In November, Liz was interviewed for an article on a parents' website about learning times tables. Read the article here.

Suppose we allow ourselves to use three numbers less than 10 and multiply them together. How many different products can you find? How do you know you've got them all?

The clockmaker's wife cut up his birthday cake to look like a clock face. Can you work out who received each piece?

This problem is designed to help children to learn, and to use, the two and three times tables.

A 3 digit number is multiplied by a 2 digit number and the calculation is written out as shown with a digit in place of each of the *'s. Complete the whole multiplication sum.

Resources to support understanding of multiplication and division through playing with number.

After training hard, these two children have improved their results. Can you work out the length or height of their first jumps?

Can you arrange 5 different digits (from 0 - 9) in the cross in the way described?

Use this information to work out whether the front or back wheel of this bicycle gets more wear and tear.

This problem is based on the story of the Pied Piper of Hamelin. Investigate the different numbers of people and rats there could have been if you know how many legs there are altogether!

Look at what happens when you take a number, square it and subtract your answer. What kind of number do you get? Can you prove it?

Find at least one way to put in some operation signs (+ - x ÷) to make these digits come to 100.

Can you work out some different ways to balance this equation?

Have a go at balancing this equation. Can you find different ways of doing it?

Where can you draw a line on a clock face so that the numbers on both sides have the same total?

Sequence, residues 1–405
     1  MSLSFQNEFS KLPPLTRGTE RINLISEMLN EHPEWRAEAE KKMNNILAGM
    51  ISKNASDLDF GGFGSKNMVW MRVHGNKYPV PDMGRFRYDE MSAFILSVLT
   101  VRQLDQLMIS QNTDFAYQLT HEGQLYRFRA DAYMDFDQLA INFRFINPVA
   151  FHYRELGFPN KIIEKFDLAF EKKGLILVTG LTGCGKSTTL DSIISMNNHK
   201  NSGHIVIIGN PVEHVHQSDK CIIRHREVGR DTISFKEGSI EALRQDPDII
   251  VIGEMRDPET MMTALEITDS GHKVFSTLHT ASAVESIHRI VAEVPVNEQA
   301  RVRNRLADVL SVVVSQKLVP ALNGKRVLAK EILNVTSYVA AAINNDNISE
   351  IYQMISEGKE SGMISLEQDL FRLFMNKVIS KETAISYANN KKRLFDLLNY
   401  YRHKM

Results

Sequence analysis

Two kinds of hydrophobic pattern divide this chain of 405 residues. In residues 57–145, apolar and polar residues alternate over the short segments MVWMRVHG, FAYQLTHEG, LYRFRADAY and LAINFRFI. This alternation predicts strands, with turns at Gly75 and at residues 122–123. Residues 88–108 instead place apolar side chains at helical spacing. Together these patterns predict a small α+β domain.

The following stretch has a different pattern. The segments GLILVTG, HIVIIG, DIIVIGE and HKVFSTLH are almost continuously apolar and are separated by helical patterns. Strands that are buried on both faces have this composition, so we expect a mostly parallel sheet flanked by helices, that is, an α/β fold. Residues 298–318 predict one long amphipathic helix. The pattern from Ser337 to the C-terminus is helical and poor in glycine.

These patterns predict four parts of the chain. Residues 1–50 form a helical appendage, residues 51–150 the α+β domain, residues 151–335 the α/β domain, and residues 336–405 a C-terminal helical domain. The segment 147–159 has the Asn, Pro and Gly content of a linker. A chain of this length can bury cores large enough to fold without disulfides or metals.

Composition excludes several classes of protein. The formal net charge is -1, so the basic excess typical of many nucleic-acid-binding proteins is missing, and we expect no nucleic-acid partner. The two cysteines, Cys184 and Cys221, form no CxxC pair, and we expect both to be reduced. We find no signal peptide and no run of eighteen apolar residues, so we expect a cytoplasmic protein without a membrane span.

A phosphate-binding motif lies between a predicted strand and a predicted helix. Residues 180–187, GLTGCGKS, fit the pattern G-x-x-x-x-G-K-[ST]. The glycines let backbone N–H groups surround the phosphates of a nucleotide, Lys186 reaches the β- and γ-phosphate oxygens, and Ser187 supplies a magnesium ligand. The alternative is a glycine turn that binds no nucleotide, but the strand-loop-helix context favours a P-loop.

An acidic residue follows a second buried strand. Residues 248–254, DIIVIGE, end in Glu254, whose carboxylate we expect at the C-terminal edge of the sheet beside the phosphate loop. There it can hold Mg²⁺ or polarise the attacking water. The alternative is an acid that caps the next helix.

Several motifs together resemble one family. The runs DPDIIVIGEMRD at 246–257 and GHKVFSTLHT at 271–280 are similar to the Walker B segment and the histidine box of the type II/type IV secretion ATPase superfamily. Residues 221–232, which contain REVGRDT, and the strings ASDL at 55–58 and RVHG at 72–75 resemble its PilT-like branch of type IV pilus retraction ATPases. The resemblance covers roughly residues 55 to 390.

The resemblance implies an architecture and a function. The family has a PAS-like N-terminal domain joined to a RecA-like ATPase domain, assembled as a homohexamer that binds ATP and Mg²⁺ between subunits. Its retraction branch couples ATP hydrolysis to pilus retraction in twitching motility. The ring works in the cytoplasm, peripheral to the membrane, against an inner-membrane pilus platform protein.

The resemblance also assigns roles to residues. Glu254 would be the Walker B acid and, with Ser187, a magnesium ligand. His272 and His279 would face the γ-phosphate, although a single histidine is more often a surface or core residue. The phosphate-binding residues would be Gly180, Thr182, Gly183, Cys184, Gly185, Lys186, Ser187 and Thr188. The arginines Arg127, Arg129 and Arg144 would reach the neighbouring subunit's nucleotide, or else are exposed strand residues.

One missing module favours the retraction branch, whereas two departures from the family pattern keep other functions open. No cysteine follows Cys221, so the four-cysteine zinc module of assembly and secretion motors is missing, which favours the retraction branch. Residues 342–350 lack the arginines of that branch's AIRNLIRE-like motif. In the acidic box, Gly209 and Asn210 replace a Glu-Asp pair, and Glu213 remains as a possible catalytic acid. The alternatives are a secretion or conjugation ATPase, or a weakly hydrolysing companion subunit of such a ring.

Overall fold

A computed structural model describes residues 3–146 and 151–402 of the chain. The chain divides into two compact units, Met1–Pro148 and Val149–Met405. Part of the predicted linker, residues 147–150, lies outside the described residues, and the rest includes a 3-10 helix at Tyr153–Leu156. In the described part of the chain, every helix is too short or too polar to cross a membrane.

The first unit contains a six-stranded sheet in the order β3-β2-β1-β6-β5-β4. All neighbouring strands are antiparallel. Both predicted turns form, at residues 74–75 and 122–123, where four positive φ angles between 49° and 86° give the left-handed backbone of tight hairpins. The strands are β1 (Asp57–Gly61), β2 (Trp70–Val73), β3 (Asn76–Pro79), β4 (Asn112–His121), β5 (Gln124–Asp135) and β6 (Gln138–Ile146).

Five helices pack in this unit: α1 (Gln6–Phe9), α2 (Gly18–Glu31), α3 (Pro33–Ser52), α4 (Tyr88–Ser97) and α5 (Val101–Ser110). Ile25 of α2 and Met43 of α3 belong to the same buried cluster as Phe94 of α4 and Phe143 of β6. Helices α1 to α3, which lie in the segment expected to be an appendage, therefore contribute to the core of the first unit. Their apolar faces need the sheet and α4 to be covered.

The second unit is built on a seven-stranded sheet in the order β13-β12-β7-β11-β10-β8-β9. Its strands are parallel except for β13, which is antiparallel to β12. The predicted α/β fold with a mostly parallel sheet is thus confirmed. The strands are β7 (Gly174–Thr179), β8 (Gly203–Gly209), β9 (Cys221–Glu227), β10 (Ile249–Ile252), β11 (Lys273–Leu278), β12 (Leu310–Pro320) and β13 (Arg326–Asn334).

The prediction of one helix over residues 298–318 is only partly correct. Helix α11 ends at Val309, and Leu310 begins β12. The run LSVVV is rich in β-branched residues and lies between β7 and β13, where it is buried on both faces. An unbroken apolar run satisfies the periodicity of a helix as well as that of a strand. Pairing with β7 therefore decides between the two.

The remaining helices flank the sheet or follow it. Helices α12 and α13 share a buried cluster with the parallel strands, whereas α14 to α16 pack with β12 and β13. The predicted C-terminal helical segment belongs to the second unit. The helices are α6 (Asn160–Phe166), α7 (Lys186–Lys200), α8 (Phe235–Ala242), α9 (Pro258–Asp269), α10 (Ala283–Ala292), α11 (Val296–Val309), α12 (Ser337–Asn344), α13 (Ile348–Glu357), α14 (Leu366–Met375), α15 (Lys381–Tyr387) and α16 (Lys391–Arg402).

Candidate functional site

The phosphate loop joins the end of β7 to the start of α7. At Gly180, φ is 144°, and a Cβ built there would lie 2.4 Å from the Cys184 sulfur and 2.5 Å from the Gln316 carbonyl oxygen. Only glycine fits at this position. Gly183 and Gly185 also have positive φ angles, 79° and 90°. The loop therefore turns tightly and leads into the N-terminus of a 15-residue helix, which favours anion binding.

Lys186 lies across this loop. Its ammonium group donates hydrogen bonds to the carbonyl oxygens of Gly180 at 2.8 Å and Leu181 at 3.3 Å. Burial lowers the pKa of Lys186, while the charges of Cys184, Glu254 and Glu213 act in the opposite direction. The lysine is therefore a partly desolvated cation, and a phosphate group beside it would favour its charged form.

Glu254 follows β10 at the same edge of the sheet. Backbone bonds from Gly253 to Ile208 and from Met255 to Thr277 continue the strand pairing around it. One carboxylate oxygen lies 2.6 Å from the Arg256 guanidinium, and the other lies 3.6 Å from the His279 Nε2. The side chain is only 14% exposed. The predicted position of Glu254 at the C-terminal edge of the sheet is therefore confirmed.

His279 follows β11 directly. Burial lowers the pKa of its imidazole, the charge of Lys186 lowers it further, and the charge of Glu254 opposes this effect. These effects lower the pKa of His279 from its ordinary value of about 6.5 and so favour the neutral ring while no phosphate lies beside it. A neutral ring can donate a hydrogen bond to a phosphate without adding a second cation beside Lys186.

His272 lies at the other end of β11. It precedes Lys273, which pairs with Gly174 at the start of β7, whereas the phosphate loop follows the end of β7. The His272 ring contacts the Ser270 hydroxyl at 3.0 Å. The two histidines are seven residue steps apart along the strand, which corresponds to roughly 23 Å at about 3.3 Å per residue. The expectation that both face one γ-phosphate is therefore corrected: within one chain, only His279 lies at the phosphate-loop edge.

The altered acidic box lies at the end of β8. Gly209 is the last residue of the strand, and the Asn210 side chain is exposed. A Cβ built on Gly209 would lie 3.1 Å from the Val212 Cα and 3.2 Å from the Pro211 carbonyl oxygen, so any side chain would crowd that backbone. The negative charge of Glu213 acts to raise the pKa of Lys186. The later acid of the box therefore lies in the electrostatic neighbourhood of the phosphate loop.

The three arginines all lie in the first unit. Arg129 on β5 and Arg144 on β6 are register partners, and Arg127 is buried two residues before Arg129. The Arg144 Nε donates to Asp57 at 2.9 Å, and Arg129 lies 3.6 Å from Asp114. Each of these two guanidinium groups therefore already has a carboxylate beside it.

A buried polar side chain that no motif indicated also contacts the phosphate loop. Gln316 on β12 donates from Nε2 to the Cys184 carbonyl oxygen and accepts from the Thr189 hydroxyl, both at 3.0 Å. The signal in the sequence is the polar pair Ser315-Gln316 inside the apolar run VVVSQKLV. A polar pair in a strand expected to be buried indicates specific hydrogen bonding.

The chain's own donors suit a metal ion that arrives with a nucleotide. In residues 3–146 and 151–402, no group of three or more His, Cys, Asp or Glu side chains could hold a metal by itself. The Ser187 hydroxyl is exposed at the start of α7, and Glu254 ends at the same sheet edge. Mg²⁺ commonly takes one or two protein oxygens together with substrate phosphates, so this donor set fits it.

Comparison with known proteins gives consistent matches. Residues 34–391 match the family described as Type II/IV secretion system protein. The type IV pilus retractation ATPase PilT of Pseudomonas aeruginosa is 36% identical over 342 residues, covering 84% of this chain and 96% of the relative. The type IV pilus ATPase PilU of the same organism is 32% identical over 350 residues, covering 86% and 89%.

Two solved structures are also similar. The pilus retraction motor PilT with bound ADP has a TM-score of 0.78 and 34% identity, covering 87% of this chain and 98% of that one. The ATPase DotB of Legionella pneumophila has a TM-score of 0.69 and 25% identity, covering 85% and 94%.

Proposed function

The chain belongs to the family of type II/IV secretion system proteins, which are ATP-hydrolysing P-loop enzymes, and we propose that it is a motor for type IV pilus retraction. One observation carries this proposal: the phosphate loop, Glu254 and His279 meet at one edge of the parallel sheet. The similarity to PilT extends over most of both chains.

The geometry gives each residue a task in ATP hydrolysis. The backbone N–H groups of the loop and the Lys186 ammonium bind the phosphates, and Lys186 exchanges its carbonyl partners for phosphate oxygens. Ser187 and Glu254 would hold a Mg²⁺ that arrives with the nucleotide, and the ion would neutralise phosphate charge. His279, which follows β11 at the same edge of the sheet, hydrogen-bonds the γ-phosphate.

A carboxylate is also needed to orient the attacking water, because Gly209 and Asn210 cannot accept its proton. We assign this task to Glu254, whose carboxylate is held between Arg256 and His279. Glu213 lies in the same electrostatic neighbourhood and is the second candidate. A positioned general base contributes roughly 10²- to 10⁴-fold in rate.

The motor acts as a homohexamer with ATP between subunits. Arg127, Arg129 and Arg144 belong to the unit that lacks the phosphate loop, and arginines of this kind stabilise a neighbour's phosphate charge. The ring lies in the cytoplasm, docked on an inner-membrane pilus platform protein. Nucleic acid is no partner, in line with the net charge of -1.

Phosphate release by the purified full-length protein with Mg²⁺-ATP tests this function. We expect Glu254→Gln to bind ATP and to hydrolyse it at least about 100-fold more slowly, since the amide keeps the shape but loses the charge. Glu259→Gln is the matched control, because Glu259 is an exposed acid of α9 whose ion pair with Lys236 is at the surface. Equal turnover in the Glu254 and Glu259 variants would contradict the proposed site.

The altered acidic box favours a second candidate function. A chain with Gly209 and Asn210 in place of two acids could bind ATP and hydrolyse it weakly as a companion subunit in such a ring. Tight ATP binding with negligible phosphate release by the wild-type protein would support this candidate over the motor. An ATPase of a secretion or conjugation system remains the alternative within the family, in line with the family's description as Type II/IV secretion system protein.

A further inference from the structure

Four Go game for an adult and child. Will you be the first to have four numbers in a row on the number line?

Use the information to work out how many gifts there are in each pile.

Can you complete this calculation by filling in the missing numbers? In how many different ways can you do it?

Can you complete this jigsaw of the multiplication square?

Chandrika was practising a long distance run. Can you work out how long the race was from the information?

Can you order the digits from 1-6 to make a number which is divisible by 6 so when the last digit is removed it becomes a 5-figure number divisible by 5, and so on?

Look on the back of any modern book and you will find an ISBN code. Take this code and calculate this sum in the way shown. Can you see what the answers always have in common?

Can you find which shapes you need to put into the grid to make the totals at the end of each row and the bottom of each column?

These sixteen children are standing in four lines of four, one behind the other. They are each holding a card with a number on it. Can you work out the missing numbers?

If the numbers 5, 7 and 4 go into this function machine, what numbers will come out?